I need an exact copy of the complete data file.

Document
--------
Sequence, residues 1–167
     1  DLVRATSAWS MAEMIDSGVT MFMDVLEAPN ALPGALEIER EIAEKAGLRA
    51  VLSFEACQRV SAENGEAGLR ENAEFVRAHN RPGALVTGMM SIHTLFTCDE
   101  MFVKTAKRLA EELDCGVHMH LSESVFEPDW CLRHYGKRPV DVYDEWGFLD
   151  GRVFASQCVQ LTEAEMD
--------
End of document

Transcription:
Sequence, residues 1–167
     1  DLVRATSAWS MAEMIDSGVT MFMDVLEAPN ALPGALEIER EIAEKAGLRA
    51  VLSFEACQRV SAENGEAGLR ENAEFVRAHN RPGALVTGMM SIHTLFTCDE
   101  MFVKTAKRLA EELDCGVHMH LSESVFEPDW CLRHYGKRPV DVYDEWGFLD
   151  GRVFASQCVQ LTEAEMD